Blogging Antithesis: Day 31

Well, whatever I’ve been fighting the last week has cleared up. Be it virus or allergy or circadian dysregulation (which is fancy I-spent-too-much-time-in-a-psych-program talk for “jet lag”), I kicked it.

Which meant I actually got out for my walks today–both of them–which left me wobbly after being off the beam for half a week. Felt spectacular though.

As for work today, I did several hours of research–I’m listening through an audiobook called The 33 Strategies of War by Robert Greene, which is excellent Antithesis fuel, and also quite distracting.

It’s a deliciously Machiavellian synthesis of the principles of The Art of War married to a wide-ranging selection of readings from various practitioners of realpolitik from manuals of psychological treatment to the policy to the strategic writings of people like Ghandi and Kissinger. More interesting to me is its extensive use of political and military history, particularly the history of revolutionary movements and insurrectionist warfare, since, at its heart, this is what the series is about, being in deep mental contact with the history of this sort of thing gives me many very dark and chewy ideas about what might happen as tis story unfolds MUAHAHAHAHAHA…ah hem.

Anyway, it’s a good book if you’re interested in this kind of thing and it won’t depress you to read a book predicated on an utter lack of a moral compass.

Other than that, I got a few more Nanocast episodes recorded today. Probably won’t finish the block till the end of the week, as there’s another Free Will episode due on Thursday, which I’m determined not to miss.

I’m actually still neck deep in a really fabulous chapter in my writing, but I’ve hit the fatigue wall and am not putting my sentences together well without reading over them several times (for example, I just typed the word “felt” as “flet” and didn’t notice it until I saw the red squiggly line, and then all the other red squiggly lines, and realized I’d dyslexified every word in the sentence), so I’m calling it a night. I made a little under half my word count goal today, which isn’t great, but it’s a hell of a lot better than the last few days, so I’ll take it.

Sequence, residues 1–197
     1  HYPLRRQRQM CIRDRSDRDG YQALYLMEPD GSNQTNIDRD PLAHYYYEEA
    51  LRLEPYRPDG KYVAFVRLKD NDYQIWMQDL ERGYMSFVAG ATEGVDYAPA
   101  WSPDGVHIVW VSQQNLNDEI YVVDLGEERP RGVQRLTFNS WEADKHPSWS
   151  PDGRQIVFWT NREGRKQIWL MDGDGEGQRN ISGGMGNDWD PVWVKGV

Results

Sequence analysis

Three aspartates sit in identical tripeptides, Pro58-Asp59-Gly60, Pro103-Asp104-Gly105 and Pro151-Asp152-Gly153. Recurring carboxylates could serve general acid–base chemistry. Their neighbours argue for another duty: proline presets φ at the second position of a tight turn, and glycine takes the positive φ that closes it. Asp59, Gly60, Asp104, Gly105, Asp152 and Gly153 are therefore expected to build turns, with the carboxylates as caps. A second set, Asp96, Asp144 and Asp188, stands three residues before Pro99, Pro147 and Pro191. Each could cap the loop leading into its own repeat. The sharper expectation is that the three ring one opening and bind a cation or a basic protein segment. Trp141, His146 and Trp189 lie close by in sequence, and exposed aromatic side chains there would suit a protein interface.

Starting word count: 41,919
Ending word count: 43,373

43,373 / 120000 words

Blogging Antithesis: Day 30

Gorgeous day today. I mean, just look at that sunset!

Still fighting the fatigue today. Woke up with inflamed eyes, so something is definitely up that goes beyond poor sunlight regulation (on the upside, the dark room last night meant I slept a lot better–go me!).

On the upside, I got some killer Nanocast episodes recorded and did a lot of cleaning. There’s something basic and satisfying about spring cleaning, especially spring cleaning I also took some time to make a big pot of my slow-roast marinara sauce, a seven hour process that makes the house smell like an Italian restaurant.

Writing was again a struggle. The fatigue makes the brain cloudy.

While I was working on the house I was also knocking a lot of research out of the way. Part of the whole Antithesis gestalt involves a deep immersion in political and military and espionage history, so when I’m not actually writing I’m swimming deep in the streams of culture I find most refreshing (and distracting). Today I was listening to some lectures on the history of revolutionary movements–which is a colorful history, to say the least. It made a few other pieces fall into place, and lead to me laying in yet another thread from the previous book that I thought wasn’t going to come into play until later.